TBI partners with the Alliance for Quality Education, an organization that shares TBI's belief that poor students of color deserve excellent schools and quality instructional practices. We are therefore collaborating with AQE to see that New York State government officials enact legislation that will bring restorative justice practices to schools throughout the state.
To impact trends in school discipline, AQE has outlined goals for reform in bill A.8396, which they believe "will reduce school suspension and promote a positive school climate, cultivating an environment where teachers can teach and students can learn".
This bill is in direct response to the debilitating effect of disciplinary practices in communities of color. As described by AQE, "the goal of the legislation is to reverse the disturbing school-to-prison pipeline, which starts with excessive use of suspensions, often for minor infractions. This is an issue that disproportionately affects students of color".
To support our students, TBI and AQE are urgently pushing to see that the goals of this bill come to fruition.
Follow the links below to learn more about the bill and the politics regarding school responses to student behavior.
In addition to advocating for better disciplinary practices, TBI and AQE are supporting students through the Campaign for Fiscal Equity. As AQE explains, the campaign is the result of the following:
- In 1993 a group of parents from New York City, led by Robert Jackson, formed the Campaign for Fiscal Equity (CFE) and sued New York State for failing to provide students with the quality education that is their right under the New York State Constitution.
Thirteen years later, the New York State Court of Appeals, the state’s highest court, ruled that the state was failing to provide students with the classroom resources necessary to receive the “sound basic education” or “meaningful high school education” that is their constitutional right.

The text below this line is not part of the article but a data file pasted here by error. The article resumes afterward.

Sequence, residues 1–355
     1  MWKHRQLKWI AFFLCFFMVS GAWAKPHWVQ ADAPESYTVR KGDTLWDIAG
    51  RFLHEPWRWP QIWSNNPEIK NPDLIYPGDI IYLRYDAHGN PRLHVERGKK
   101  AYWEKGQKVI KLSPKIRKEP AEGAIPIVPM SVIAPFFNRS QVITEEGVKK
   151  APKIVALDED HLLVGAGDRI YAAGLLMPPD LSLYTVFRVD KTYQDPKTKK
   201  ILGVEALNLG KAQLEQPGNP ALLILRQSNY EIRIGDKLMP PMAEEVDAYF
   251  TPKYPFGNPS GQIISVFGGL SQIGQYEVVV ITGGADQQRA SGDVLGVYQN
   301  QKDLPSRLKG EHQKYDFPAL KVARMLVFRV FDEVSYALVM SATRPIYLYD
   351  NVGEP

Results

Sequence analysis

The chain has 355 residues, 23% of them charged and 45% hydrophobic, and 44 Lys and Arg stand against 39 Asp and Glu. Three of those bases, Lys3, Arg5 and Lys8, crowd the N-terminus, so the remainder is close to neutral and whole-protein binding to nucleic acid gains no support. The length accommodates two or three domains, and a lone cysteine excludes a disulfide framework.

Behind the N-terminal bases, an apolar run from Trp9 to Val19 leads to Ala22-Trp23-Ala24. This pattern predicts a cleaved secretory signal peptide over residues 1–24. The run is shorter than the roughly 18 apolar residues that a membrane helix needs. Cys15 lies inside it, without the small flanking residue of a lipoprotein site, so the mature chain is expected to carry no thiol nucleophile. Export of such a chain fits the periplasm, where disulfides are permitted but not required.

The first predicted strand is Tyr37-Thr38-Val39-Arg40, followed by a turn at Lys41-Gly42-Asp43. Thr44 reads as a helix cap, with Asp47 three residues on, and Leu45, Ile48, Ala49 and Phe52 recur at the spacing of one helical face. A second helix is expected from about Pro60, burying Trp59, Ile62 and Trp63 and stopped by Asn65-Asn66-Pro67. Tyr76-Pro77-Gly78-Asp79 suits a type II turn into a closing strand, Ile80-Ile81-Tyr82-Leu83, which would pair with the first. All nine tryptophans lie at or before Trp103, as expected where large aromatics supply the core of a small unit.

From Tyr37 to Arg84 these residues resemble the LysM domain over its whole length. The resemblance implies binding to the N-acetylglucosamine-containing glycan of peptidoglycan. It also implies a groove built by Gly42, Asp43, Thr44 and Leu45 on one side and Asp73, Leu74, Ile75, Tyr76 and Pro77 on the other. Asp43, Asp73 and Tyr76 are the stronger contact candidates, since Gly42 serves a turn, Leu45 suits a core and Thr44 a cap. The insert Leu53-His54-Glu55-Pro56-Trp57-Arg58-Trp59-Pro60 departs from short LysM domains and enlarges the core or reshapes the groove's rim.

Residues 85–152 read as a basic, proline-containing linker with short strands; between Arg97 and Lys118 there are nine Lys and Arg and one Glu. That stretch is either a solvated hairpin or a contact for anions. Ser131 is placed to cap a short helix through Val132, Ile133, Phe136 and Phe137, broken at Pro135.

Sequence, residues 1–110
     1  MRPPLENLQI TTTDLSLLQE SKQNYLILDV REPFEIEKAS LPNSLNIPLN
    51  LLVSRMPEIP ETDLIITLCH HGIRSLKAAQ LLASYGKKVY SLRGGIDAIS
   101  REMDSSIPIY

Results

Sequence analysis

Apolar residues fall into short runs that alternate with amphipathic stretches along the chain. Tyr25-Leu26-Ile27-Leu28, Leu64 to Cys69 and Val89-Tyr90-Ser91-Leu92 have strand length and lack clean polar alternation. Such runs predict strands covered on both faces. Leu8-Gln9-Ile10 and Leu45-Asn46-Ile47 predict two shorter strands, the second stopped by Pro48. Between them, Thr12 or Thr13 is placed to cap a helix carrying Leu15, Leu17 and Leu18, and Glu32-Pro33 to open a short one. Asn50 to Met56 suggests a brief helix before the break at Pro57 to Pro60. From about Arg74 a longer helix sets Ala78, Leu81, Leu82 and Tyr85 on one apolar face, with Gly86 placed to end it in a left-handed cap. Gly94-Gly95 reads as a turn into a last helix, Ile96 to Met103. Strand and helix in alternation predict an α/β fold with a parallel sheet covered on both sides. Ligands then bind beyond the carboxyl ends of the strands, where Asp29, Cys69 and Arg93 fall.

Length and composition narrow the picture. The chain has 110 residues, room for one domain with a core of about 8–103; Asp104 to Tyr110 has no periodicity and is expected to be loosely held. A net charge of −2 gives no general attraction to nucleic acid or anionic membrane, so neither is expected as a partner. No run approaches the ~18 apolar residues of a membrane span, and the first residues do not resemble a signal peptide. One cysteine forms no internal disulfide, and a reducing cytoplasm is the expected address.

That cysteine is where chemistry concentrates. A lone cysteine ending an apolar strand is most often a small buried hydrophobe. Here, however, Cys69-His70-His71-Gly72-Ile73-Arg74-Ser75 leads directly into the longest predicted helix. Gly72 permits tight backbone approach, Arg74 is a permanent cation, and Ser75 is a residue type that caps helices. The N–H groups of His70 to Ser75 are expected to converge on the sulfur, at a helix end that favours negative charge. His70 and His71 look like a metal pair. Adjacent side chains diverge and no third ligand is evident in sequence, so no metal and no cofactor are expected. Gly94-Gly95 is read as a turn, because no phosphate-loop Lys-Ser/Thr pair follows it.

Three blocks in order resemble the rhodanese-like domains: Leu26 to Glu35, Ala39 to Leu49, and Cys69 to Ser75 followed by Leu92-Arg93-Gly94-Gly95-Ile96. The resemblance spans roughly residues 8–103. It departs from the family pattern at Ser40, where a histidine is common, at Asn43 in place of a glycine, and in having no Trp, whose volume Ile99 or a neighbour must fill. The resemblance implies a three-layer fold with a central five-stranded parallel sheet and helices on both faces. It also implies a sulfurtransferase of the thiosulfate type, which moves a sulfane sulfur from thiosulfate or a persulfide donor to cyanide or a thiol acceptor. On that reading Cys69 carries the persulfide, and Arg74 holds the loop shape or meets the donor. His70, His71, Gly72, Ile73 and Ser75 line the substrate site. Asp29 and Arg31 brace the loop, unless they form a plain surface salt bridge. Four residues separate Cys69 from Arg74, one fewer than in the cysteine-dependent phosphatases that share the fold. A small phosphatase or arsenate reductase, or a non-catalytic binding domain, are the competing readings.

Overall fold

While the CFE case was specific to New York City, the CFE plaintiffs argued for a statewide solution because students in many schools faced the same lack of adequate classroom resources. In fact the Court of Appeals recognized that the State, in formulating a remedy to CFE, “may of course address statewide issues if it chooses.”
In 2007 the New York State Governor and Legislature enacted a statewide resolution to CFE. The statewide CFE resolution enacted in 2007 converted over 30 different school aid formulas into one formula based on student need and school district wealth. The state committed to add $5.5 billion in basic classroom operating aid, or foundation aid, over 4 years with 72% dedicated to high need districts and 23% for average need districts.
The CFE funding was tied to effective classroom reform strategies through the Contract for Excellence which prioritized pre-kindergarten, class size reduction, middle and high school reform, programs for English language learners, effective teaching, and more time on task (longer school days or school years, tutoring, etc.).
For two years the state met its obligations, increasing classroom aid by $2.3 billion which resulted in effective reforms in classrooms around the state.
But then in 2009 as a result of the fiscal crisis school aid was frozen. Then over the following two years the state enacted over $2.7 billion in cuts, including over $2.1 billion in classroom cuts, in effect reversing CFE.
- Now the state is finally adding back some of the funds that were cut, but none are being added to get CFE restarted.
As TBI is committed to providing equitable education, we are pressuring legislators to do justice by our students and provide the funding needed to support student learning in all classrooms throughout New York.